LGBT activists have joined a debate on a proposed Reproductive Health Bill in the Philippines that is raging almost as hard as the typhoon that hit the country last week.
If passed the bill will provide citizens with government-funded contraceptives, contributing to the fight against HIV and maternal and child ill-health in the country.
Contraceptives are controversial in the 80% Catholic country however, and bishops lead a rally of thousands on Saturday urged the rejection of the bill. Archbishop Socrates Villegas said that the bill promotes ‘a culture of contraception’ and ‘looks at babies as reasons for poverty… a mistake and not a blessing’, as reported by the Huffington Post.
The spokesperson for Progressive Organization of Gays (ProGay) Clyde Pumihic commented on banners at the rally on Saturday which read ‘No to safe sex, yes to saved sex’. He said:
‘With all due respect to the opinions of the anti-RH [Repoductive Health] camp, we find the call to stop safe sex and substitute it for what some religious radicals call "saved sex" very irresponsible.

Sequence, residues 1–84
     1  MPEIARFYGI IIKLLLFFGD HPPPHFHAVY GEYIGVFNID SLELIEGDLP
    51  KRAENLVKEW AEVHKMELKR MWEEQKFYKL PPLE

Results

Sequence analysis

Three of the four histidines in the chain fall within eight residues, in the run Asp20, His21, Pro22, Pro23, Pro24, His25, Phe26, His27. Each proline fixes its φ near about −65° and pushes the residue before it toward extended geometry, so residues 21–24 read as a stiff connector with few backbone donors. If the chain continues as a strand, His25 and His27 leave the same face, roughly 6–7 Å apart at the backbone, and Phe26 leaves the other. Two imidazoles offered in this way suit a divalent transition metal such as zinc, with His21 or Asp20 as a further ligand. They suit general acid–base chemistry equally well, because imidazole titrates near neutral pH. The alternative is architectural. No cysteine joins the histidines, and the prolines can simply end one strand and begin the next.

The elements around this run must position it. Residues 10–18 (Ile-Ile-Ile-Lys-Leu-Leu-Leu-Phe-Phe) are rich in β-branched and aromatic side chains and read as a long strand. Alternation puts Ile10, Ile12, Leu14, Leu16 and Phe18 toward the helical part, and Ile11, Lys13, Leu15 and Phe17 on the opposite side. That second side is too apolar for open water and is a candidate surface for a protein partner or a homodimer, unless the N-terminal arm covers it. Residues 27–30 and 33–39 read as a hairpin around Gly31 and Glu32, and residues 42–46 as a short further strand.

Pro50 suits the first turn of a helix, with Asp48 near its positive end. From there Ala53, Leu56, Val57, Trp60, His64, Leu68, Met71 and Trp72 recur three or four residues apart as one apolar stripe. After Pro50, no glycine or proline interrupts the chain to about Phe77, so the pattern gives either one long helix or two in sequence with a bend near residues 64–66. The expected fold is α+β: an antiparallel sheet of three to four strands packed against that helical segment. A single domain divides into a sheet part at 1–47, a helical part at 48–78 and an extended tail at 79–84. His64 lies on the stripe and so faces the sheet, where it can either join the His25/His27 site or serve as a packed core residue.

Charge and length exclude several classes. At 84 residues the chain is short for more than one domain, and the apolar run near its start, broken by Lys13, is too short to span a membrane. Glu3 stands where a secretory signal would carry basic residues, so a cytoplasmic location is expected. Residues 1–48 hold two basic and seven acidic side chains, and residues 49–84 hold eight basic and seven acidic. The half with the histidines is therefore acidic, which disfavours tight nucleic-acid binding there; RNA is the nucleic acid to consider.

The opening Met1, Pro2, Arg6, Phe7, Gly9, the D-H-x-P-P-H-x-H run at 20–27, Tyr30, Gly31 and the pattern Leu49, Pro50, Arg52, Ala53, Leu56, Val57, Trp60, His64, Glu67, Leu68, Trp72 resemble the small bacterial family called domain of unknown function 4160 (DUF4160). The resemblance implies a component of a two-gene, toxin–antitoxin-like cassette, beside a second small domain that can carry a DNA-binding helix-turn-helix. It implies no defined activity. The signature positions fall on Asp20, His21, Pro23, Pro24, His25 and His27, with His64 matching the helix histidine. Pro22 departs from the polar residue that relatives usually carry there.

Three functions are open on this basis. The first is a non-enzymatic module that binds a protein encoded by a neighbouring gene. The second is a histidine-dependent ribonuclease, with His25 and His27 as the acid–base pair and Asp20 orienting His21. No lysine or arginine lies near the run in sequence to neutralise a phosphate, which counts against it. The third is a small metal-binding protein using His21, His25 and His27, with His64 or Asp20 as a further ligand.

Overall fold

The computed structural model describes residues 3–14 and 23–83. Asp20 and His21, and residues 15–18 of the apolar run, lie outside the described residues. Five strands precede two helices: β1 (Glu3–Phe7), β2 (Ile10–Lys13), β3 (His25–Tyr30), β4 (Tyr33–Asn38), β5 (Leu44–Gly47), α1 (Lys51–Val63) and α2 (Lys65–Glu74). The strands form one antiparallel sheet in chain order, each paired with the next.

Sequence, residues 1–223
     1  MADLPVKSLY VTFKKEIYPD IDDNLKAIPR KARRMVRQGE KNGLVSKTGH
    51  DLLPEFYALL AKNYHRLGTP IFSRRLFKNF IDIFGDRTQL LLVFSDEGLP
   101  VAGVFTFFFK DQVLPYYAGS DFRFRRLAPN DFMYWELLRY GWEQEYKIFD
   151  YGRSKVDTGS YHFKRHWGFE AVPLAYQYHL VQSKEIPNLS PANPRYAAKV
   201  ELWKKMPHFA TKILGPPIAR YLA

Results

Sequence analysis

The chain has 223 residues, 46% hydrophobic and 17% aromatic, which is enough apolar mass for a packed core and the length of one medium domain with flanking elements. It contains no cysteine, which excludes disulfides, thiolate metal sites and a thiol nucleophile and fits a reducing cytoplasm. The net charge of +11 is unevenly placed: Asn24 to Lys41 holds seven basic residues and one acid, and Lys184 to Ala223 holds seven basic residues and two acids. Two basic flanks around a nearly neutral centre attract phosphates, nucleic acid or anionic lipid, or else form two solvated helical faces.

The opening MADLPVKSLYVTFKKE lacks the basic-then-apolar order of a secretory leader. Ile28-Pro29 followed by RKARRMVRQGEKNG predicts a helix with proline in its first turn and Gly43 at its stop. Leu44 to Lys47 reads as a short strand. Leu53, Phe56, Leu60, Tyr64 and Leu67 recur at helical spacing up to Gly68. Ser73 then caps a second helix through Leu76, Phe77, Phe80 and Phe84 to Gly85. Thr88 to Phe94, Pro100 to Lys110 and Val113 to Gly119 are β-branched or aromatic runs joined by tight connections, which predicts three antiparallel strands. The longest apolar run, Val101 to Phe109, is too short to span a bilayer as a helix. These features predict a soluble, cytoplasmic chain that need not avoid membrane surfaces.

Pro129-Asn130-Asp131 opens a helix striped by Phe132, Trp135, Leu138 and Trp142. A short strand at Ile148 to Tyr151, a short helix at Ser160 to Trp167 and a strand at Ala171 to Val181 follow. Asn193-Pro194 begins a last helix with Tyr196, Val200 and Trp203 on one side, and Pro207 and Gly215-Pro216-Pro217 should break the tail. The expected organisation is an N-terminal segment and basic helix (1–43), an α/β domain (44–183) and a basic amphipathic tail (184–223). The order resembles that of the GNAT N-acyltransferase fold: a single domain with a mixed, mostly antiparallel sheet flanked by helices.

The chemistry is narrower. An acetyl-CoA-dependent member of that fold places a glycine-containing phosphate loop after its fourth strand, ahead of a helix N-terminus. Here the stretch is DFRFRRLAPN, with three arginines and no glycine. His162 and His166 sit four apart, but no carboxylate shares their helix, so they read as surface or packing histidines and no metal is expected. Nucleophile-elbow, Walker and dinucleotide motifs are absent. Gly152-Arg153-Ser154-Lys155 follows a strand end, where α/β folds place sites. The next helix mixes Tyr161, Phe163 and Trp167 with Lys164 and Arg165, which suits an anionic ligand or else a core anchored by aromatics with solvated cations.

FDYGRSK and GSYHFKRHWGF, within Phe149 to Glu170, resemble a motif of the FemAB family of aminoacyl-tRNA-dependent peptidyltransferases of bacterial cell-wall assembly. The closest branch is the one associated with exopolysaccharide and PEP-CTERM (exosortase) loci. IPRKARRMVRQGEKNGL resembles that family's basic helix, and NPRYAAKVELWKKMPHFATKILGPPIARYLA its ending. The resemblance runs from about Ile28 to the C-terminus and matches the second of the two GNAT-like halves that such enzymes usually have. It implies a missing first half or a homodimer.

‘It is very dangerous to preach that sex without protection is saved, and this will only make sure that transmission of human immunodeficiency virus will be very effective even among faithful partners.’
‘For the month of May alone, the Department of Health registered 273 new infections, of which 4 out of 5 cases were through homosexual contact, making the number of cases in the country rise to 9,669,’ said ProGay Philippines.
President Aquino supports the bill, as does the UN and business groups – both saying that the Philippines needs to address population growth so it can deal with the country’s poverty.
ProGay Philippines support the bill but are disappointed in a last-minute wording change that removes ‘sexual orientation’ from the non-discrimination part of the bill.
‘We have suffered so much already after this president kept ignoring our pleas to fast track the anti discrimination bill, and now we know why. This administration is dedicated in blocking all efforts to legislate LGBT human rights,’ Pumihic said.
The House of Representatives will vote on the bill, a version of which was first introduced 10 years ago, tomorrow (Tuesday 7 August).